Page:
(1) For service pursuant to an NSA, no NVOCC may, either alone or in conjunction with any other person, directly or indirectly, provide service in the liner trade that is not in accordance with the rates, charges, classifications, rules and practices contained in an effective NSA.
(g) Exception in case of malfunction of Commission electronic filing system. (1) In the event that the Commission's electronic filing system is not functioning and cannot receive NSAs filings for twenty-four (24) continuous hours or more, affected parties will not be subject to the requirements of paragraph (a) of this section and § 531.11 that an NSA be filed before cargo is shipped under it.
(2) However, NSAs which go into effect before they are filed due to a malfunction of the Commission's electronic filing system pursuant to paragraph (g)(1) of this section, must be filed within twenty-four (24) hours of the Commission's electronic filing system's return to service.
(3) For an NSA that is effective without filing due to a malfunction of the Commission's filing system, failure to file that NSA within twenty-four (24) hours of the Commission's electronic filing system's return to service will be considered a violation of these regulations.
14. Amend § 531.8 by revising paragraphs (b)(1) and (c) to read as follows:End Amendment Part
(b) * * *
(1) Requests shall be filed, in duplicate, with the Commission's Office of the Secretary within one-hundred eighty (180) days of the NSAs filing with the Commission, accompanied by remittance of a $276 service fee.
(c) Electronic transmission errors. An authorized person who experiences a purely technical electronic transmission error or a data conversion error in transmitting an NSA or an amendment thereto is permitted to file a Corrected Transmission (“CT”) of that filing within 30 days of the date and time of receipt recorded in SERVCON. This time-limited permission to correct an initial defective NSA filing is not to be used to make changes in the original NSA rates, terms or conditions that are otherwise provided for in paragraphs 531.6(b) of this section. The CT tab box in SERVCON must be checked at the time of resubmitting a previously filed NSA, and a description of the correction made must be stated at the beginning of the corrected NSA in a comment box. Failure to check the CT box and enter a description of the correction will result in the rejection of a file with the same name, since documents with duplicate file names or NSA and amendment numbers are not accepted by SERVCON.
15. Amend § 531.10 by revising paragraph (b)(2) to read as follows.End Amendment Part
(b) * * *
(2) Department of Defense cargo. Transportation of U.S. Department of Defense cargo moving in foreign commerce under terms and conditions approved by the Surface Deployment and Distribution Command and published in a universal service contract. An exact copy of the universal service contract, including any amendments thereto, shall be filed with the Commission as soon as it becomes available.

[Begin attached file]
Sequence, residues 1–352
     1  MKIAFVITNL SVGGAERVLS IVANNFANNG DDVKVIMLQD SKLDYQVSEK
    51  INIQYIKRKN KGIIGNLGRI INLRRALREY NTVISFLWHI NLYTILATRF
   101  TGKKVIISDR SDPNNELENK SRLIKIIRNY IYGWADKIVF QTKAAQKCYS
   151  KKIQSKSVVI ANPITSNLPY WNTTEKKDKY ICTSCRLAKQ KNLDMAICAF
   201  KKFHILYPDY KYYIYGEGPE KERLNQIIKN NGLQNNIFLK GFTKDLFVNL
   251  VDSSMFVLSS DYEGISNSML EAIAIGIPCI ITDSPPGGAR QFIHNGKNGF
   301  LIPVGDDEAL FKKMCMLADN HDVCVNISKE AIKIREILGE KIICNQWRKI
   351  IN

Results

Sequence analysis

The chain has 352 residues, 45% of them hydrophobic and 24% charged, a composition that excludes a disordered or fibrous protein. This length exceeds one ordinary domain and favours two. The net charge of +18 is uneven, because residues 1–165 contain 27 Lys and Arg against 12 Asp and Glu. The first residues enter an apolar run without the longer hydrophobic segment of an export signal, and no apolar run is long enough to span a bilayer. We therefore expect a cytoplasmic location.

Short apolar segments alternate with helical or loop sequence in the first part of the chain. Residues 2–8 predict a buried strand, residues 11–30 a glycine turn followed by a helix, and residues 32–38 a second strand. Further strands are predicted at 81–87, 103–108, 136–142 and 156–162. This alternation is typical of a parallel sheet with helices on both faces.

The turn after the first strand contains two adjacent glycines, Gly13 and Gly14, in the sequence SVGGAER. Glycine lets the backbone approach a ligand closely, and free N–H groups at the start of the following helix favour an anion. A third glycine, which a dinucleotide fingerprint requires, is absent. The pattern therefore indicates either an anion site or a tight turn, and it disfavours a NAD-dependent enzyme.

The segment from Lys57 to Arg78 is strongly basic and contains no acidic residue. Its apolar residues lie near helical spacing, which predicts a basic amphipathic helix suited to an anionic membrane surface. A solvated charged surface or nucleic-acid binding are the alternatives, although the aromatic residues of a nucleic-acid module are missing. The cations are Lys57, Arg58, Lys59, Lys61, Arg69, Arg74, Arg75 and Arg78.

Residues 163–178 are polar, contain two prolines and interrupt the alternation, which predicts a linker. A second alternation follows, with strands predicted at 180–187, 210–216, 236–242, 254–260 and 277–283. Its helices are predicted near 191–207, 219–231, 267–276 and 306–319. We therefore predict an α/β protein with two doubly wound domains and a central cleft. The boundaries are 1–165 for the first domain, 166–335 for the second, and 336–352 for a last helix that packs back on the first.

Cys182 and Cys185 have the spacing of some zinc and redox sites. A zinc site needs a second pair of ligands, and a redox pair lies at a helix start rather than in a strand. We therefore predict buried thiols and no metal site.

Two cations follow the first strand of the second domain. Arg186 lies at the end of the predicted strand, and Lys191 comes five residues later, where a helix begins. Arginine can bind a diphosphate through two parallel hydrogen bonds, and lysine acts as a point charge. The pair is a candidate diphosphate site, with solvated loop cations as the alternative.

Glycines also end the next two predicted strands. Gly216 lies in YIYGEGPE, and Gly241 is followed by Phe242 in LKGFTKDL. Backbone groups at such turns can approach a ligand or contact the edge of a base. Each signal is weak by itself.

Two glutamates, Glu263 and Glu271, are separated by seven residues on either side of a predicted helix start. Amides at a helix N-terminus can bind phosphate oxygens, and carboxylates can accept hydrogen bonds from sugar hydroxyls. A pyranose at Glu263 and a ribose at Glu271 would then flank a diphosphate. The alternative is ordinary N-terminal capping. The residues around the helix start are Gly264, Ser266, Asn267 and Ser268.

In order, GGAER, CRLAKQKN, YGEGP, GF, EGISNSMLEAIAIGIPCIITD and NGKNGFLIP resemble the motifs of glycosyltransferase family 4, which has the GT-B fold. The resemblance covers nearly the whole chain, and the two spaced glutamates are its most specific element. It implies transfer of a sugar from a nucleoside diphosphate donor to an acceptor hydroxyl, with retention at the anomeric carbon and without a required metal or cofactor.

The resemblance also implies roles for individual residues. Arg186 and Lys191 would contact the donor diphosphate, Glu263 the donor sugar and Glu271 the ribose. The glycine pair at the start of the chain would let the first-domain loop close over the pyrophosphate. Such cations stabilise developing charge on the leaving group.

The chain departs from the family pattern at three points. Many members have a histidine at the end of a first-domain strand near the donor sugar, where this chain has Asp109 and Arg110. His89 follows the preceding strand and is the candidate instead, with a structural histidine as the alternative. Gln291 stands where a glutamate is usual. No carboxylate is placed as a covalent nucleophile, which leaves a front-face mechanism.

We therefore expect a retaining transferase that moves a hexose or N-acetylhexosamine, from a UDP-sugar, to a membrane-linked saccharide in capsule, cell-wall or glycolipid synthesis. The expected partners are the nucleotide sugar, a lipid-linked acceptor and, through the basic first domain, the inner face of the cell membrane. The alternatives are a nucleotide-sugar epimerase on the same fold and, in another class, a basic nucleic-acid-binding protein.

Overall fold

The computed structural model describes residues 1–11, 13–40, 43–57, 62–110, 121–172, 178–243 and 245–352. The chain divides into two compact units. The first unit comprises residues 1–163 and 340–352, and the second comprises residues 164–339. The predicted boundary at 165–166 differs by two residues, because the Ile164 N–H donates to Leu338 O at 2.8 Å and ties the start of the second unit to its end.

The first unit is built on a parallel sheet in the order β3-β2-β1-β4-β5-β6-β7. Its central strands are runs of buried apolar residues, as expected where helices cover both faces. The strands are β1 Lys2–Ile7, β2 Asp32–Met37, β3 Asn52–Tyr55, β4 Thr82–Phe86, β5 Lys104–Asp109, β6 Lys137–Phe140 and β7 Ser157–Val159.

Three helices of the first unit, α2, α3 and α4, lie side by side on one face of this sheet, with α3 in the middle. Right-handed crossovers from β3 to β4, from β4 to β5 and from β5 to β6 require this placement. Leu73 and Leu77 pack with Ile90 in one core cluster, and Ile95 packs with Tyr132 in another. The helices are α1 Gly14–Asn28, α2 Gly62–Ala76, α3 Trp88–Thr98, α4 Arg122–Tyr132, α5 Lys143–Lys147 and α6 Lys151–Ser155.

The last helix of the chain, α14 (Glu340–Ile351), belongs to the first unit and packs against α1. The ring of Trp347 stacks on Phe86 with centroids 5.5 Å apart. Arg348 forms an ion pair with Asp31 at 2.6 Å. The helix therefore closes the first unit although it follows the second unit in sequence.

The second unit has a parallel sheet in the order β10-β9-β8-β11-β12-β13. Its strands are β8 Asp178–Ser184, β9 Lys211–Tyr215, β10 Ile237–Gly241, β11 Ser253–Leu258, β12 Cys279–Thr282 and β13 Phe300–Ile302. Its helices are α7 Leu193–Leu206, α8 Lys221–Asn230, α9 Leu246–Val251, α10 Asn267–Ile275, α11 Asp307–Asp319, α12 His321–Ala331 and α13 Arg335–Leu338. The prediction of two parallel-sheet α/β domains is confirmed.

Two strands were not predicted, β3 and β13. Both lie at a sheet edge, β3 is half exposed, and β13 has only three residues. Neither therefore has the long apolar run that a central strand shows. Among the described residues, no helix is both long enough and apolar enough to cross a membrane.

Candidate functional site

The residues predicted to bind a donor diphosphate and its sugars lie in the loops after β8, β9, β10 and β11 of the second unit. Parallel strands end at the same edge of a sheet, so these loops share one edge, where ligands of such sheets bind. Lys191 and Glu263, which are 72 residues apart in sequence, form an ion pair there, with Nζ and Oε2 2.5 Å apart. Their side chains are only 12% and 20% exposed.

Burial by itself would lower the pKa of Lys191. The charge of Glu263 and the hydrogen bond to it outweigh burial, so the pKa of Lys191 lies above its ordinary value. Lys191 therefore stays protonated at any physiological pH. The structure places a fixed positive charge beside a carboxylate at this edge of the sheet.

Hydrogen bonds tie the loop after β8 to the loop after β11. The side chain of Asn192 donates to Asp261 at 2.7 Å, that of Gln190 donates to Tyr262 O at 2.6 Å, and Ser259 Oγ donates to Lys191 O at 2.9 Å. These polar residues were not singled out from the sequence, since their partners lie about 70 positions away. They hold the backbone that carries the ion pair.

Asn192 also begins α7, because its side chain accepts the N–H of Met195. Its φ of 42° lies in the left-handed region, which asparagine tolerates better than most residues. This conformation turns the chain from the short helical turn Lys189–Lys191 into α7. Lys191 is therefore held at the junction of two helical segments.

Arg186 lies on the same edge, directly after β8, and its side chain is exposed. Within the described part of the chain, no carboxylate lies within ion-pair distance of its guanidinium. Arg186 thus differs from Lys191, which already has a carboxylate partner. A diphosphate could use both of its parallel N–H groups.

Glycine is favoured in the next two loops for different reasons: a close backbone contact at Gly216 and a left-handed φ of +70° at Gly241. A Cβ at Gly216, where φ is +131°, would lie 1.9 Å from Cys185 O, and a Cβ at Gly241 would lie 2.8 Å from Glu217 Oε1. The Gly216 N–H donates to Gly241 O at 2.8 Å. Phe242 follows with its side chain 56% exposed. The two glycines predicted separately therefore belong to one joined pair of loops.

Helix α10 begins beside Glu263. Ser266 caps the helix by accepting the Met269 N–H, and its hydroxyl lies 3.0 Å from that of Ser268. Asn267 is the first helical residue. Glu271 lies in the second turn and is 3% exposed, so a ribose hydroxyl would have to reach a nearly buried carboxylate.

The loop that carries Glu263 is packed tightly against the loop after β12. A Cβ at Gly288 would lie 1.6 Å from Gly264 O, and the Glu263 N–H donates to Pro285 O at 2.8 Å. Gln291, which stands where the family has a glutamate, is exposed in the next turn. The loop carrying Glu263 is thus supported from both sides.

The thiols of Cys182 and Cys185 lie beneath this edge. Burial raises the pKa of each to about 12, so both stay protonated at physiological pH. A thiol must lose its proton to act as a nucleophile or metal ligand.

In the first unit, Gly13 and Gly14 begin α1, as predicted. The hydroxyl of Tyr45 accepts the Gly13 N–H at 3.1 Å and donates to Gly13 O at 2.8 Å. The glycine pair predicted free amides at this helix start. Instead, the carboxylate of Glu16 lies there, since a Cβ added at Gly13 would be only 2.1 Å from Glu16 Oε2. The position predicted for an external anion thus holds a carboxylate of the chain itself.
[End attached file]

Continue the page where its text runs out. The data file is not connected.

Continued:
16. Revise § 531.11 to read as follows.End Amendment Part
Generally. Performance under an original NSA may not begin before the day it is effective and filed with the Commission. Performance under an NSA amendment may not begin until the day it is effective, provided however that amendments must be filed no later than thirty (30) calendar days after effectiveness.
By the Commission.
Karen V. Gregory,
1. Prior to OSRA, contract rates were published in the essential terms tariff publication, thereby allowing similarly situated shippers to request and obtain similar terms. In enacting OSRA, Congress limited the essential terms publication to the following terms: The origin and destination port ranges, the commodities, the minimum volume or portion, and the duration.Back to Citation
2. The commenting carriers consisted of thirty ocean carriers participating in the following agreements active at that time: the fourteen members of the Transpacific Stabilization Agreement; ten members of the Westbound Transpacific Stabilization Agreement; the six members of the Central America Discussion Agreement; the eleven members of the West Coast of South America Discussion Agreement; the five members of the Venezuela Discussion Agreement; three members of the ABC Discussion Agreement; the six members of the United States Australasia Discussion Agreement; and the three members of the Australia and New Zealand-United States Discussion Agreement.Back to Citation
3. This definition also currently exists in the rules governing NVOCC Negotiated Rate Arrangements (NRAs). See § 532.3(e).Back to Citation
4. “Metadata is structured information that describes, explains, locates, or otherwise makes it easier to retrieve, use, or manage an information resource. Metadata is often called data about data or information about information.” National Information Standards Organization (NIST), Understanding Metadata, NIST Press (2004), available at: http://www.niso.org/publications/press/UnderstandingMetadata.pdf (last visited June 17, 2016).Back to Citation
5. NCBFAA filed a petition for rulemaking on April 18, 2015. See Docket No. P2-15, Petition of the National Customs Brokers and Forwarders Association of America, Inc. for Initiation of Rulemaking (NCBFAA Petition). The Commission has accepted the NCBFAA Petition and will address the proposals presented therein during a subsequent rulemaking proceeding.Back to Citation
6. Annual instances include the filing of new service contracts and amendments, essential terms publication, notification/filing requirements, Form FMC-83, disclosure/third party, and record keeping/audit requirements. Of the total annual instances of 2,216,097, the number of service contracts and amendments combined is 642,309. Forty-five percent of those is 289,039.Back to Citation
7. Annual instances include the filing of new NSAs and amendments, essential terms publication, notification/filing requirements, Form FMC-78, disclosure/third party, and record keeping/audit requirements. Of the total annual instances of 10,371, the number of NSAs and amendments combined is 3,249. Ten percent of those is 325.Back to Citation
[FR Doc. 2016-19843 Filed 8-19-16; 8:45 am]
BILLING CODE 6730-01-P